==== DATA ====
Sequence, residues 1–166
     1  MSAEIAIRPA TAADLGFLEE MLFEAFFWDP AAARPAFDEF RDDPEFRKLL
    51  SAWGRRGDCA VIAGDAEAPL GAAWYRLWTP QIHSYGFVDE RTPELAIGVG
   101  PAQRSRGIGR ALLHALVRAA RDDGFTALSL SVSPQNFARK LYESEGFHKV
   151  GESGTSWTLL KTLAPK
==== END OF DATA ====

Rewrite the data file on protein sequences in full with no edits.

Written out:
Sequence, residues 1–166
     1  MSAEIAIRPA TAADLGFLEE MLFEAFFWDP AAARPAFDEF RDDPEFRKLL
    51  SAWGRRGDCA VIAGDAEAPL GAAWYRLWTP QIHSYGFVDE RTPELAIGVG
   101  PAQRSRGIGR ALLHALVRAA RDDGFTALSL SVSPQNFARK LYESEGFHKV
   151  GESGTSWTLL KTLAPK